Along the side of the highway was the Sheikh Zayed Grand Mosque in all its extravagance. Its gigantic bell curved tops and towering white marble minarets looked spectacular against the night sky. Passing a few high-rise buildings in various modern shapes and sizes we finally came across The Royal International Hotel with its technicolor signage to where we would spend the next 4 nights. The hotel decor was a kinda “Arab meets circus tent” with bright red carpet and curtains and funky modern art. Our room was huge and there was a beautiful oasis of a pool and gym on the top floor, all open aired and overlooking the city-scape.

This capital city of the Emirates is the the second largest in terms of population at nearly a million. Perched on the opaque waters of the glimmering Persian Gulf, the city apparently generates something like 56% of the GDP for the Emirates. In fact, I read in one book that each citizen is worth a whopping $17 million based on the states GDP…fairly impressive no? Most of the concentration of the city was in the medium and high rise buildings comprising of banks, gas and oil companies..all that capitalistic good stuff and filled with hard working expats. And outside, as we approached the summer months, the heat of the day climbed into the 40s. Unfortunately for the tourist, the city wasn’t so well connect without any form of light rail or air-conditioned walk ways. So taxis were the only way to get around, and were cheap, or you could brave the outside heat and walk.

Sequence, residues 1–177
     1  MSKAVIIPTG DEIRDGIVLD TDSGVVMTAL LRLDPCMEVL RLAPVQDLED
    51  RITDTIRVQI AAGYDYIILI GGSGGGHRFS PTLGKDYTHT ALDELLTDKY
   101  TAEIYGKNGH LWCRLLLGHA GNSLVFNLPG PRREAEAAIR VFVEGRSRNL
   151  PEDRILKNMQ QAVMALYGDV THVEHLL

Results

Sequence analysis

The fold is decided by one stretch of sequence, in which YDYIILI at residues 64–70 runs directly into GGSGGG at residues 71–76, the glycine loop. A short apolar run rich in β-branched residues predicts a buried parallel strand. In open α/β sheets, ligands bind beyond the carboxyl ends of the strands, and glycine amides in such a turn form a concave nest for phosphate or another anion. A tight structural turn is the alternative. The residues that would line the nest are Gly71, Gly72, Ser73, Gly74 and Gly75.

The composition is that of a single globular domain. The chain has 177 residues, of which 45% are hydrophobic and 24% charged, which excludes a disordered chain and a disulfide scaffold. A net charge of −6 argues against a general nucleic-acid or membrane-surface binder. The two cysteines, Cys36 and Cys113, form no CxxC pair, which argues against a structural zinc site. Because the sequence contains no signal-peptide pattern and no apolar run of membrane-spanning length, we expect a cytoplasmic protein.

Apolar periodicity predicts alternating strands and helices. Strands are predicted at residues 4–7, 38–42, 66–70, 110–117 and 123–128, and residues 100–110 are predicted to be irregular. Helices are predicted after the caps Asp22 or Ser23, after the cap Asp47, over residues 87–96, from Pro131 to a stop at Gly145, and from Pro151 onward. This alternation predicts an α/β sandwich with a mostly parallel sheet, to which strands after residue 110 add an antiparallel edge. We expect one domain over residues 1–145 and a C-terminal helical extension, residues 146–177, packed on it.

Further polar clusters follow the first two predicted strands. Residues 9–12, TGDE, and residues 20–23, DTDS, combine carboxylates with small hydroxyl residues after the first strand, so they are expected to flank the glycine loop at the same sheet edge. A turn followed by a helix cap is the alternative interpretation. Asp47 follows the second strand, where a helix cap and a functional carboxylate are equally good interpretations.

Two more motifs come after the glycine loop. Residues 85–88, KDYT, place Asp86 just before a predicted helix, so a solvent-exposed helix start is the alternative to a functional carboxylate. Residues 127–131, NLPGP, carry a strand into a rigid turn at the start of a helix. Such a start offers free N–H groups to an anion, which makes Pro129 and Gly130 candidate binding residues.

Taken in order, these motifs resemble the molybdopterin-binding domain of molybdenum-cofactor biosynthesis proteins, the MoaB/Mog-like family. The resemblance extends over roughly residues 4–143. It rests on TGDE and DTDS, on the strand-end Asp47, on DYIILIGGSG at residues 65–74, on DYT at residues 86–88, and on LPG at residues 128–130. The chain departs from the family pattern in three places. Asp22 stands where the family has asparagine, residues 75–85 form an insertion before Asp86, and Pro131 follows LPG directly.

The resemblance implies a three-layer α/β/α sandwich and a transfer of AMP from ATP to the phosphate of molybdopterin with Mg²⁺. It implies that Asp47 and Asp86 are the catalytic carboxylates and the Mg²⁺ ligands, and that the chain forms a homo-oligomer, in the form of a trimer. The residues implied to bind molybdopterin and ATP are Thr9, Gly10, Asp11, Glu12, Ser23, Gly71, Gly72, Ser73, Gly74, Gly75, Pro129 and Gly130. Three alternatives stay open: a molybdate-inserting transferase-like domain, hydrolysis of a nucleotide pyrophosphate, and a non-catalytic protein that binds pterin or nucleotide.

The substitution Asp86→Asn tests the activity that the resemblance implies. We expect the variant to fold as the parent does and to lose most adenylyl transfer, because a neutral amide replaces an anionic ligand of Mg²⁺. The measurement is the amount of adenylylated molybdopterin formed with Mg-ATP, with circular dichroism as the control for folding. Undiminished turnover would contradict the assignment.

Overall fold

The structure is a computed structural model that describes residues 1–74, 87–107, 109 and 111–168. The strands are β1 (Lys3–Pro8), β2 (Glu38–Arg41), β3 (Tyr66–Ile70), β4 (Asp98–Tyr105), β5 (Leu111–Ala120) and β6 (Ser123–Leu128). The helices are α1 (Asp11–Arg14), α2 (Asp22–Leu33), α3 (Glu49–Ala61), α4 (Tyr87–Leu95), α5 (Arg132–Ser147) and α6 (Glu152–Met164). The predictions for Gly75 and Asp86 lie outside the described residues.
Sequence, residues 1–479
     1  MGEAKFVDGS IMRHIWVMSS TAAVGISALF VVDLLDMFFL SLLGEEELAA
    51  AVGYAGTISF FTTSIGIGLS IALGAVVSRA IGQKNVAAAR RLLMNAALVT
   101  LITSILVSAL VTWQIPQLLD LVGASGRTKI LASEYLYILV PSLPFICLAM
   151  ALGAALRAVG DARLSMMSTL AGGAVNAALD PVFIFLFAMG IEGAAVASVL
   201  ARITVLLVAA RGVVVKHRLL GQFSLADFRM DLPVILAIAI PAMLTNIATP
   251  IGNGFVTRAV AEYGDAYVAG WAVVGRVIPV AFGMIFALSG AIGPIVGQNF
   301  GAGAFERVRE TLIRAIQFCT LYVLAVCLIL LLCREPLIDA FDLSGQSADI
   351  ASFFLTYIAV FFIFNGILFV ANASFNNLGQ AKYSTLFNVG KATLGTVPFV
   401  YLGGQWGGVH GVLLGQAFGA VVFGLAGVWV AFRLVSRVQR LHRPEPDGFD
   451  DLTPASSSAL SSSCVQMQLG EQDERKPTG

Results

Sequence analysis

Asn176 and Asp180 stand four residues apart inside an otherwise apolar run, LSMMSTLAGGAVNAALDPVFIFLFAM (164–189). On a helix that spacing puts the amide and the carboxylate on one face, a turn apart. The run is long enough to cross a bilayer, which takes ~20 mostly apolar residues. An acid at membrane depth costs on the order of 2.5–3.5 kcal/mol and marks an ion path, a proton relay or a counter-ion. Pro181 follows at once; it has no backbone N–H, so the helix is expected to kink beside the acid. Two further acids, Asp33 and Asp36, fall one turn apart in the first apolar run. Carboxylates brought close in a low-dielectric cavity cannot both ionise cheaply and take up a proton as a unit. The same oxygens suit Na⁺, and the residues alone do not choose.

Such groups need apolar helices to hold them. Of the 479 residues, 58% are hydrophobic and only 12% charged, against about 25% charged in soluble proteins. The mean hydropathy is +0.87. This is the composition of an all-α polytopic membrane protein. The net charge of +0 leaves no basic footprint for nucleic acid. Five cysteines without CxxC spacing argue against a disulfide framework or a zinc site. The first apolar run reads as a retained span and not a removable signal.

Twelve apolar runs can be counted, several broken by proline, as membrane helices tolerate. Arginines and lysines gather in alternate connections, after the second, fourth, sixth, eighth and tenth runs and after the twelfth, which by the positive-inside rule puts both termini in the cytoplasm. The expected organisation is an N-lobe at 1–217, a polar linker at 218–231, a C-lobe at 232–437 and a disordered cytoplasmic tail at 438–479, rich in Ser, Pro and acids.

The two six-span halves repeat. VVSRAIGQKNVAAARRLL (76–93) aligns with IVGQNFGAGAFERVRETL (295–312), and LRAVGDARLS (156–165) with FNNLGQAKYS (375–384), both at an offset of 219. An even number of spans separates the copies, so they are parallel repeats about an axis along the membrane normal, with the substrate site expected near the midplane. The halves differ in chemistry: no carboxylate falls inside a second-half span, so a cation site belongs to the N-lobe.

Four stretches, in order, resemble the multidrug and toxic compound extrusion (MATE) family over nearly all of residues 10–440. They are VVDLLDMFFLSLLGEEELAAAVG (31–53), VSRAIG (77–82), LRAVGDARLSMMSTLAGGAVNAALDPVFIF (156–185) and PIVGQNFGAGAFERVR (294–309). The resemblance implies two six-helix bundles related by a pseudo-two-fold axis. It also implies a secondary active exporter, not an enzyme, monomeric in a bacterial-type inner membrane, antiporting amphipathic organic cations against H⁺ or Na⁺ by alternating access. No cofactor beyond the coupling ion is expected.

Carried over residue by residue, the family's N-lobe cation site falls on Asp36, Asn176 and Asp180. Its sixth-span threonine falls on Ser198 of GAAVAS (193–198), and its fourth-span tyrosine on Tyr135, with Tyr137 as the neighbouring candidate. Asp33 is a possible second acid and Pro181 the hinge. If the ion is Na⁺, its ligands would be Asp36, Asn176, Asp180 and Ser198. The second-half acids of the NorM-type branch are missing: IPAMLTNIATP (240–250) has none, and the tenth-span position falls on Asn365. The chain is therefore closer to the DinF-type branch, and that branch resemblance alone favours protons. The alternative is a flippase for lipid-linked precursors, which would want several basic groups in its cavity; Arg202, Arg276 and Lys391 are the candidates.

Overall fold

So we spent two days in the Marina Mall, a 10 minute drive along the cornich esplanade, past the central gardens, a few beach clubs and opposite an actual marina where some beautiful boats were moored. The Mall had everything at fairly reasonable prices and we spent hours getting lost in the beautiful air-conditioning and sipping cappuccinos. There was also a secondary mall appropriately named the Abu Dhabi Mall just around the corner from our hotel which we braved the heat and walked too. The city streets were set out in a grid pattern while most of the buildings looked kinda empty in the middle of the day due to the heavy tint on the windows. Below each building were small businesses selling spices, take away, cheap Chinese shops with names such as “Butterfly Gifts”, women’s beauty salons and mens hairdressers. But due to the heat there really wasn’t too many people on the streets and it all felt a little apocalyptic as you crunched through pavements with broken concrete sitting on the hot sand.